I thought it would implement correctly, but it doesn't seem to work - every so often it starts to throw wierd position offsets...
Here is my python interpretation:
# Updated every network recv tick_rate = 60 network_packet = 6 #tick_0 = ... tick_1 = ... current_tick == ... position_0, orientation_0, velocity_0 = state_0 position_1, orientation_1, velocity_1 = state_1 position_now = user.worldPosition.copy() # Extrapolated (current) position according to tick 0 position_acc_tick_0 = position_0 + velocity_0 * ((tick_now - tick_0) / tick_rate) # Extrapolated (current) position according to tick 1 position_acc_tick_1 = position_1 + velocity_1 * ((tick_now - tick_1) / tick_rate) # Get the error between two predictions as a velocity vector velocity_err = (position_acc_tick_1 - position_acc_tick_0) / ((tick_1 - tick_0) / tick_rate) # Get the estimated position the client needs to be at in one network ticks time, accounting for error position_out = position_acc_tick_1 + velocity_err * ( (tick_now - tick_1 + network_packet) / tick_rate ) # Get's velocity needed to move from current position to target position within one network tick needed_velocity = (position_out - position_now) / (network_packet / tick_rate) # Updated every frame new_velocity = needed_velocity * ((current_tick - packet_tick) / tick_rate)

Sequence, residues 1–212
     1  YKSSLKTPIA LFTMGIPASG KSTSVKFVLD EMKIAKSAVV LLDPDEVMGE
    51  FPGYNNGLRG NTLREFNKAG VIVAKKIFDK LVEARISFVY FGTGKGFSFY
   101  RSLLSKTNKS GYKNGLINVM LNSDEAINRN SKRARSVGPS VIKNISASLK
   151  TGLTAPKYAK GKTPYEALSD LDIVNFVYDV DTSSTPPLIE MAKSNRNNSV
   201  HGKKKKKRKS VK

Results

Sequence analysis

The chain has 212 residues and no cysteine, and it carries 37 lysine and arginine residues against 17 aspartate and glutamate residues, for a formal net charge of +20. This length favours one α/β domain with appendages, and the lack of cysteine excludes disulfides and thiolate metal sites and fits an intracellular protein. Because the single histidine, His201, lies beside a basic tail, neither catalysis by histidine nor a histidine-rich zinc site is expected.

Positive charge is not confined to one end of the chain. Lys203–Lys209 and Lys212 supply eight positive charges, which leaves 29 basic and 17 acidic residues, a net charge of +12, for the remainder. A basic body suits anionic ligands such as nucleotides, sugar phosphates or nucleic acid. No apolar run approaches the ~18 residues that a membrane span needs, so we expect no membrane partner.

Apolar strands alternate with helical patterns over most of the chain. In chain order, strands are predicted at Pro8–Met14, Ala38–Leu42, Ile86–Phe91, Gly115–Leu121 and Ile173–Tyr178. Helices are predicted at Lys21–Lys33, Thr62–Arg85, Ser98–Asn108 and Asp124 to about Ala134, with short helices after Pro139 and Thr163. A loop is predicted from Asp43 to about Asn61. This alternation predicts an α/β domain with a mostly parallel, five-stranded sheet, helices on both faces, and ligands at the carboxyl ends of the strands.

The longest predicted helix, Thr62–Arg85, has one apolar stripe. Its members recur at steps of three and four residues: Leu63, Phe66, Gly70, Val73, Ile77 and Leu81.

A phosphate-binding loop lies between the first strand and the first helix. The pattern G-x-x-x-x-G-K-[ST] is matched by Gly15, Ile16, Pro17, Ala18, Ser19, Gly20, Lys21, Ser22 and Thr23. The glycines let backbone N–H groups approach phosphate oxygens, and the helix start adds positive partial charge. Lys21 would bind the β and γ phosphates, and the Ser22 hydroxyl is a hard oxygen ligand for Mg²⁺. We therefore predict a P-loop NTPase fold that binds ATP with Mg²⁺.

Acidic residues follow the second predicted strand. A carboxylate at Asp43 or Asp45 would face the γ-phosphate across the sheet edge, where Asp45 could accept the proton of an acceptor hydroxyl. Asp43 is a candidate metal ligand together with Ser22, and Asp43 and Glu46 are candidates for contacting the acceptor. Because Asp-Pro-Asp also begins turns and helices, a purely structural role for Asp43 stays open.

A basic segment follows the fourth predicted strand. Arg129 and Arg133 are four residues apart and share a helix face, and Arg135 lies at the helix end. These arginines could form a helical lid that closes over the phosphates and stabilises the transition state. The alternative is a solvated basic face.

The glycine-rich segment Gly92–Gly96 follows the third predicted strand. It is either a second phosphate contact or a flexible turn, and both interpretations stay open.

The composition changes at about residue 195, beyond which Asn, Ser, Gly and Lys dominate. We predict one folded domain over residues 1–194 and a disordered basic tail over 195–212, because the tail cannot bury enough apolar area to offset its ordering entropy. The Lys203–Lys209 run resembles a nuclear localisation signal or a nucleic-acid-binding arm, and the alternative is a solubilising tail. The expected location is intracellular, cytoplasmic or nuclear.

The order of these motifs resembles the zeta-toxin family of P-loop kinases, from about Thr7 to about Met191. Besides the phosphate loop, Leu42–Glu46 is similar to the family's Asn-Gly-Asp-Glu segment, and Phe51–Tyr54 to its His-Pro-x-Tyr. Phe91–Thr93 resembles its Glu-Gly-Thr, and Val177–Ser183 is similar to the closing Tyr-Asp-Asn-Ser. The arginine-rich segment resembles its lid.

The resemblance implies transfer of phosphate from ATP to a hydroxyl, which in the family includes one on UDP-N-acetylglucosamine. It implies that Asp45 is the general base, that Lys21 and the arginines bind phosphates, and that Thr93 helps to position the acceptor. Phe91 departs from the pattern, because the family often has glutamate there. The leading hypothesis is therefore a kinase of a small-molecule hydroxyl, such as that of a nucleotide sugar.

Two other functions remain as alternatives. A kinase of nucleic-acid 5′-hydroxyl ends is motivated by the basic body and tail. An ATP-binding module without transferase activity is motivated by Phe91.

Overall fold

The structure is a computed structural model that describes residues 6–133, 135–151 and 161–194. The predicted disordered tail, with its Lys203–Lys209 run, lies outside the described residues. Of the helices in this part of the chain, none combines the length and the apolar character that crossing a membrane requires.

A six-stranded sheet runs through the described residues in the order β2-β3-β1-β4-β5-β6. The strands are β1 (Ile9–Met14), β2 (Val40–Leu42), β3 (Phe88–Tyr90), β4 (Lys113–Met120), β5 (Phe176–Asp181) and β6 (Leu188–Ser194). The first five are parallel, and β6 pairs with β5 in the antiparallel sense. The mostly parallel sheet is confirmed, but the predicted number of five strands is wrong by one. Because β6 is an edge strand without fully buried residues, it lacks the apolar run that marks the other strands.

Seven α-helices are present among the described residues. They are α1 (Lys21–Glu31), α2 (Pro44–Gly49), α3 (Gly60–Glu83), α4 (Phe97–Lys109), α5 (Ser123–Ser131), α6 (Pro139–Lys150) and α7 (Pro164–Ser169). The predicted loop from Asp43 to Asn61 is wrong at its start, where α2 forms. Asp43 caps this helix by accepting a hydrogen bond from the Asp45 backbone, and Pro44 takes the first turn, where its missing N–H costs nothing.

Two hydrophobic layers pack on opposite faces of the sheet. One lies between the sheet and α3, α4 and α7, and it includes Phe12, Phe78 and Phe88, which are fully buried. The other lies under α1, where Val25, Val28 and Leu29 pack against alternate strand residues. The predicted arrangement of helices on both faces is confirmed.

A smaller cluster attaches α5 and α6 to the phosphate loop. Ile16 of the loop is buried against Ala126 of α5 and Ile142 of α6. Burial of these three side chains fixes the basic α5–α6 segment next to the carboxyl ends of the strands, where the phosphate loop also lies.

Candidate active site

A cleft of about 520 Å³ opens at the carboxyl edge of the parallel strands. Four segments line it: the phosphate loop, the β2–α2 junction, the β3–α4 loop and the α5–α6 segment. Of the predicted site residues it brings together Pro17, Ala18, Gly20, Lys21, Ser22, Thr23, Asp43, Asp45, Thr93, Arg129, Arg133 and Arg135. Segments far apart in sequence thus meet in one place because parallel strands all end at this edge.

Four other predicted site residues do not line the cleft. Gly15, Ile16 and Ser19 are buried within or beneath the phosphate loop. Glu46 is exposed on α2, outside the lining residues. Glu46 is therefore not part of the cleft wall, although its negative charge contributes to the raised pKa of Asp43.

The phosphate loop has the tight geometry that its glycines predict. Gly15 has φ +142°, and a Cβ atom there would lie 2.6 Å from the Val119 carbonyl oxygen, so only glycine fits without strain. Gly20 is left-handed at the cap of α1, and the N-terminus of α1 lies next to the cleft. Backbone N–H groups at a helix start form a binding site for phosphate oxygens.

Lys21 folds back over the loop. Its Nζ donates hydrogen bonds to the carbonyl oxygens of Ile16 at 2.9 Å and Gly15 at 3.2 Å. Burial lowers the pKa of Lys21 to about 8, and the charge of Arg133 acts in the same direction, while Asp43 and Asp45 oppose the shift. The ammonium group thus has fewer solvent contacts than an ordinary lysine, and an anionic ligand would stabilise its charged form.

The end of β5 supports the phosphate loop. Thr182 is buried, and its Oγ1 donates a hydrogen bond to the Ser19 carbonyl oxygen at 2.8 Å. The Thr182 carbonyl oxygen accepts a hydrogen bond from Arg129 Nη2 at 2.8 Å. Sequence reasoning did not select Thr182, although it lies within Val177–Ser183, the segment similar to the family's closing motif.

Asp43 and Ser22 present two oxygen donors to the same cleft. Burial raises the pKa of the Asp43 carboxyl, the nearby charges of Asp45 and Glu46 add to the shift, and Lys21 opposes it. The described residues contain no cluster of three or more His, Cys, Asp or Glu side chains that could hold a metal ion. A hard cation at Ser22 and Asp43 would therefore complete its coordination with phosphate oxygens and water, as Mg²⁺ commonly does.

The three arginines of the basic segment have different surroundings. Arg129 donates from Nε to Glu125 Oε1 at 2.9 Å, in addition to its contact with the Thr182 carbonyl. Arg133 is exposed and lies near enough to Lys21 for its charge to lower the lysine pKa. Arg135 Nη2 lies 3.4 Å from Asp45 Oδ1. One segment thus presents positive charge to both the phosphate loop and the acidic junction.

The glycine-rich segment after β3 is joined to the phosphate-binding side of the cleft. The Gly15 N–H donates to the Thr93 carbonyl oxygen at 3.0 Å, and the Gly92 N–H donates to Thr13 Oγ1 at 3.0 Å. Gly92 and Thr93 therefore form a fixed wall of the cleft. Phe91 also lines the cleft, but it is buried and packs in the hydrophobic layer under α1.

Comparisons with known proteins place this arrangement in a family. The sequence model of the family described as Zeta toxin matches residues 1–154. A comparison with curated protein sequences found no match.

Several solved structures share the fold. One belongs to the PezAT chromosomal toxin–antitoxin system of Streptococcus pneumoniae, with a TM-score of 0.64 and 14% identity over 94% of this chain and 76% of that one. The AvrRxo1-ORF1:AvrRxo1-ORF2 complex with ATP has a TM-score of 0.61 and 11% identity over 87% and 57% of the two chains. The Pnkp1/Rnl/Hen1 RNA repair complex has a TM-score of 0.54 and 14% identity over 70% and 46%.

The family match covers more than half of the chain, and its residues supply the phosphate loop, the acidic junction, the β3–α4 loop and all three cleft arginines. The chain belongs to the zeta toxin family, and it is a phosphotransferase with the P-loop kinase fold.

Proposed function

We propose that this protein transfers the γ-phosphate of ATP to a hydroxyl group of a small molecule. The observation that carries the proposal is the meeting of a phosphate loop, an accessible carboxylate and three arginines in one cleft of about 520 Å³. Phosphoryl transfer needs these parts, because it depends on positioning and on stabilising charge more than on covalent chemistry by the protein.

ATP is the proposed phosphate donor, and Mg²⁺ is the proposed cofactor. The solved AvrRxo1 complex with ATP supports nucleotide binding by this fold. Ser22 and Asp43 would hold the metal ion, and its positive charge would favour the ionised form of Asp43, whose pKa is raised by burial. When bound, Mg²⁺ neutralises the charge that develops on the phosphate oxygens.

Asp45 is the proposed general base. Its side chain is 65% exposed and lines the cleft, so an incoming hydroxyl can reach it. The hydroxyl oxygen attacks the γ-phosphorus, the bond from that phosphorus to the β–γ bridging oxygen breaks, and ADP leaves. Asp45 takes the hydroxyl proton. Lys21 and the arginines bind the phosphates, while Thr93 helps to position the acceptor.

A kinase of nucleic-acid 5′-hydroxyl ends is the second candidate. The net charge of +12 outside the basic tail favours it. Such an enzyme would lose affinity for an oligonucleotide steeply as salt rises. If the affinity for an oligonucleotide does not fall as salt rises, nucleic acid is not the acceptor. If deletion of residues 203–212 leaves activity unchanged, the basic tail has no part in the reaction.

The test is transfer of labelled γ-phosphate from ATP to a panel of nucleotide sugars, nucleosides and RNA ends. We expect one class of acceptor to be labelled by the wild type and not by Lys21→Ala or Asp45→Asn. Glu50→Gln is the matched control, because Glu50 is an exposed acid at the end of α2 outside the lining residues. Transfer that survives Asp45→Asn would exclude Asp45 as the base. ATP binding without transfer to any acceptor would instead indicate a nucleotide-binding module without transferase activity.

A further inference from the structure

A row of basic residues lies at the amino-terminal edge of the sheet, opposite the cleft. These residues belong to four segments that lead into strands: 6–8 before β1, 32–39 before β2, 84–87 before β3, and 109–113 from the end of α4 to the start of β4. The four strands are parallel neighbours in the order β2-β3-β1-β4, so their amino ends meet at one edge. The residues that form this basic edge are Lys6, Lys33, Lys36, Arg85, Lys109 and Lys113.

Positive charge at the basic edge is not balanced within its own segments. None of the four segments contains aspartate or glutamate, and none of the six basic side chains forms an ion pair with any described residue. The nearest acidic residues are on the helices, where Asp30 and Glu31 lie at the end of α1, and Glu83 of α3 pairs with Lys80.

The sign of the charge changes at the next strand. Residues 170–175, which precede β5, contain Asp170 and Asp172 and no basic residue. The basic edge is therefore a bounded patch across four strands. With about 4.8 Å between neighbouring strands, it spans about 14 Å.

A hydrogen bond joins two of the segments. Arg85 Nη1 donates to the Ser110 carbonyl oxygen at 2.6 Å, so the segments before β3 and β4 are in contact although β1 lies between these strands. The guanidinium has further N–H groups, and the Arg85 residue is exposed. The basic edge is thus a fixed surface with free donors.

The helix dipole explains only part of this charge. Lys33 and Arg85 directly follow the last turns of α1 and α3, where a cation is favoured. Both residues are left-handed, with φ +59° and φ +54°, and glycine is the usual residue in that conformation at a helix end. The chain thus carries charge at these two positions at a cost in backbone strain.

Can you see any problems with this? The only other problem i can foresee is a problem with the arrival times.
I beleive it was caused by a side effect of having the logic processed before physics; linv didn't account for friction.
However, my question still remains about orientation and mouselook - where is it handled?